The Social Network (2010)
You’d have to have been living in a cave for the last ten years not to have heard of Facebook. People either love it or hate it, but it is still the continued forefront of all of our social endeavours. Facebook has replaced the previous popular form of communication, texting and, before that, physical conversation which has been replaced by electronic conversation in the form of a “Wall Post” or “Message” using one of Facebook’s many functions. The social media website has 500 million users all over the world and it has made the co-founder Mark Zuckerberg the youngest billionaire in the world. But just how did it come about?
David Fincher’s take on the book The Accidental Billionaires by author Ben Mezrich is the visual tale of the birth and rise of the world’s biggest social outlet which began life as a simple hack job on a university computer. Following on from a split with his girlfriend, Zuckerberg (the excellent Jesse Eisenberg) comes home drunk and immediately starts shooting his mouth off on his blog and taking no prisoners. He then adapts the idea of comparing the female undergraduates of the university against each other using their personal university sites known as “The Facebook Profile” and later gets reprimanded after crashing Harvard’s system due to the surge of users logging on. Following the stunt he is targeted by twin brothers Cameron and Tyler Winkelvoss to help them program their own website idea for use in the Harvard campus. Zuckerberg agrees to help, but despite constant attempts by the twins at contacting him he drops out of the project to instead focus his attention on his own university website known as “The Facebook” with the help of college friends Eduardo Saverin (Andrew Garfield) and Dustin Moskovitz (Joseph Mazzello). Zuckerberg’s website becomes the talk of the campus before the talk of the campuses (plural) as the site reaches out to other schools.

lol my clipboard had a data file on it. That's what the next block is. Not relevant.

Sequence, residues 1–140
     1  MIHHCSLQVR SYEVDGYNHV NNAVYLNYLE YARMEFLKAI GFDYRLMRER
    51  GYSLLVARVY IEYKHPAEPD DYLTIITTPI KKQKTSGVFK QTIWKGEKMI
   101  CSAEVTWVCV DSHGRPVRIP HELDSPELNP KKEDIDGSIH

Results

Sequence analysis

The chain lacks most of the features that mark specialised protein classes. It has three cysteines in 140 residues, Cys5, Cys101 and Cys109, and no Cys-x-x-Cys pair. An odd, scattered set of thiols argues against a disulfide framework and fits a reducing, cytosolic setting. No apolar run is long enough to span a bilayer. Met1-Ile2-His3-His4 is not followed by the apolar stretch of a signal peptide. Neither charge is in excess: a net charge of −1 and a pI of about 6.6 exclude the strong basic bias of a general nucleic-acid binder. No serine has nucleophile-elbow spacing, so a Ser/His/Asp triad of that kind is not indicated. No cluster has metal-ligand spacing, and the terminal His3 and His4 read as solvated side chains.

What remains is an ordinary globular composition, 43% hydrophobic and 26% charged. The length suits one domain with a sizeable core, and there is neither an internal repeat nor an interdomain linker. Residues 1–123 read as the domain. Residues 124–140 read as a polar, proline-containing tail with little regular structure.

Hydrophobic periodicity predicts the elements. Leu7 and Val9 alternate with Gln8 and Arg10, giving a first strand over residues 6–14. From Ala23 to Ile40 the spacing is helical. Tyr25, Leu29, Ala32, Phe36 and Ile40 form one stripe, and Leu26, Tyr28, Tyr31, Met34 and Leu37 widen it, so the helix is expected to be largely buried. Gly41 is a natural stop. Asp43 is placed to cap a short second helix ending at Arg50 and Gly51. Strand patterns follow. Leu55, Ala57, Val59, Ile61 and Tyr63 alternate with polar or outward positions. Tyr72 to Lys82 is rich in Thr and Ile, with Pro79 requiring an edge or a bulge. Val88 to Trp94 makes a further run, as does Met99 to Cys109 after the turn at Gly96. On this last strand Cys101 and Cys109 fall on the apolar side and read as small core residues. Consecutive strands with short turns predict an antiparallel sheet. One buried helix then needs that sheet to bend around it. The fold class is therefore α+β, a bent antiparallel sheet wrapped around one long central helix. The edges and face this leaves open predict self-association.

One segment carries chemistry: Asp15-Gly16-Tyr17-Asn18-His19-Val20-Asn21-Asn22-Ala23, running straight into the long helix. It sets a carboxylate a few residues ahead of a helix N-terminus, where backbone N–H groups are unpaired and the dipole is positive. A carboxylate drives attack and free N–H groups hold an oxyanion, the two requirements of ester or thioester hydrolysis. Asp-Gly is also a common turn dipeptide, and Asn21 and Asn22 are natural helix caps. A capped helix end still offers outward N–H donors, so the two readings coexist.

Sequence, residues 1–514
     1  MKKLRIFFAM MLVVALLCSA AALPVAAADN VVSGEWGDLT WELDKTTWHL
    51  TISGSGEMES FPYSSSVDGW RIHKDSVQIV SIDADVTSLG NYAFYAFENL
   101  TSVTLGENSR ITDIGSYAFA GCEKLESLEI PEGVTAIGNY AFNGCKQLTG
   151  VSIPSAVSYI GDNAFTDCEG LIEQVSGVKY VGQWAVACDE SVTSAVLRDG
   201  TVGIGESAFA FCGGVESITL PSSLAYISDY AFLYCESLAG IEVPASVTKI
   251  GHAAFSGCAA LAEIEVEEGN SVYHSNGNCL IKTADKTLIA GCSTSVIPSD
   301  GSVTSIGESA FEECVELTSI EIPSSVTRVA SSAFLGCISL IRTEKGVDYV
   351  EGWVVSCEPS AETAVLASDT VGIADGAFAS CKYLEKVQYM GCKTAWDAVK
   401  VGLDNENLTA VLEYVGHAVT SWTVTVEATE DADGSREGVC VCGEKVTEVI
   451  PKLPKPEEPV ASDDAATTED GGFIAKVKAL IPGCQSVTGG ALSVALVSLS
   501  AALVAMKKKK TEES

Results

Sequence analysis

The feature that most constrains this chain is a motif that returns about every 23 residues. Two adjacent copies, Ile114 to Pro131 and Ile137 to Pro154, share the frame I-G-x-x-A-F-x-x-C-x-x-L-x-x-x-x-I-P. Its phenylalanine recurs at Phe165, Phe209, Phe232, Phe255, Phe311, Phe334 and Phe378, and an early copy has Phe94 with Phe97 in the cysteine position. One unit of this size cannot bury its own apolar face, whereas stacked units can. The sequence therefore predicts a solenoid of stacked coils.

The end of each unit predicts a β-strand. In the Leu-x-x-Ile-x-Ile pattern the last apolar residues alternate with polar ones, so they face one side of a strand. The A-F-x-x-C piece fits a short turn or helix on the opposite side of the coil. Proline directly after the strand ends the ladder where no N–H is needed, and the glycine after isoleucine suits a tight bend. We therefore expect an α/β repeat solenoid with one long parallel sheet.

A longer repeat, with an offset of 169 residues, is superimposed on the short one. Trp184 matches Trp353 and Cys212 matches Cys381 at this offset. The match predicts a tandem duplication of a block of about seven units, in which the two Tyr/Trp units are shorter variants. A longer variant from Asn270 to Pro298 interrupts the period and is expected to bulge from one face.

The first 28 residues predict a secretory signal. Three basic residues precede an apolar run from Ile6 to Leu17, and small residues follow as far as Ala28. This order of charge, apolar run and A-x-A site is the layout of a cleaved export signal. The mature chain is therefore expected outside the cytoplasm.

As the films tagline suggests you don’t get to 500 million friends without making a few enemies and success becomes the more dominant goal for our young geniuses. As the popularity of the site grows, friendships are tested and ideas are generated, but not necessarily agreed as tempers begin to fray. The film is split between two varying lawsuits which Zuckerberg attends discussing the history of the creation of the website which is shown in flashback clips and throughout the course of the movie, your loyalty will not doubt change.
Eisenberg plays the role of Mark Zuckerberg with suitable arrogance and his performance emanates the correct levels of pedantic-ism (?) Not knowing the true personality of Zuckerberg, it’s hard to comment on whether his performance is exact, but it is dark in the right places and earns him the plaudits he deserves. The dialogue of the film is quick, punchy and intelligent and combined with the dark score (composed by Nine Inch Nails front man, Trent Reznor) it’s chillingly suitable for the theme of deceit and trust.
Britain’s own Andrew Garfield plays the role of the other co-founder of Facebook and Zuckerberg’s (former) friend Eduardo Saverin in a role that displays the true levels of his abilities as an actor. Former star of Jurassic Park, Joseph Mazzello plays another of Zuckerberg’s college roommates who becomes a programmer for Facebook and the man of many talents, Justin Timberlake plays the role of Sean Parker the founder of website, Napster who collaborates with Zuckerberg eventually becoming a shareholder.
The story of Facebook is an interesting one and the whole uncertainty surrounding the ownership and development of the site combined with the actual truth keep your attention sustained throughout the course of the movie. You allegiances will change throughout although we never establish who really is the ‘bad guy’. We don’t know the actual truth behind it, but there are those out there that do and they are the ones responsible for 500 million addictions.
Love it or hate it you cannot escape it. Zuckerberg has to take a lot of credit for the fact that it has never been about money for him. He wanted to create something that people will love. I don’t think he could ever prepare for the outcome of Facebook.
This movie will leave you wanting to know more. It will generate more of an interest in Facebook as a website and more of an interest regarding those responsible for it and it may even help you love it, if you are a hater.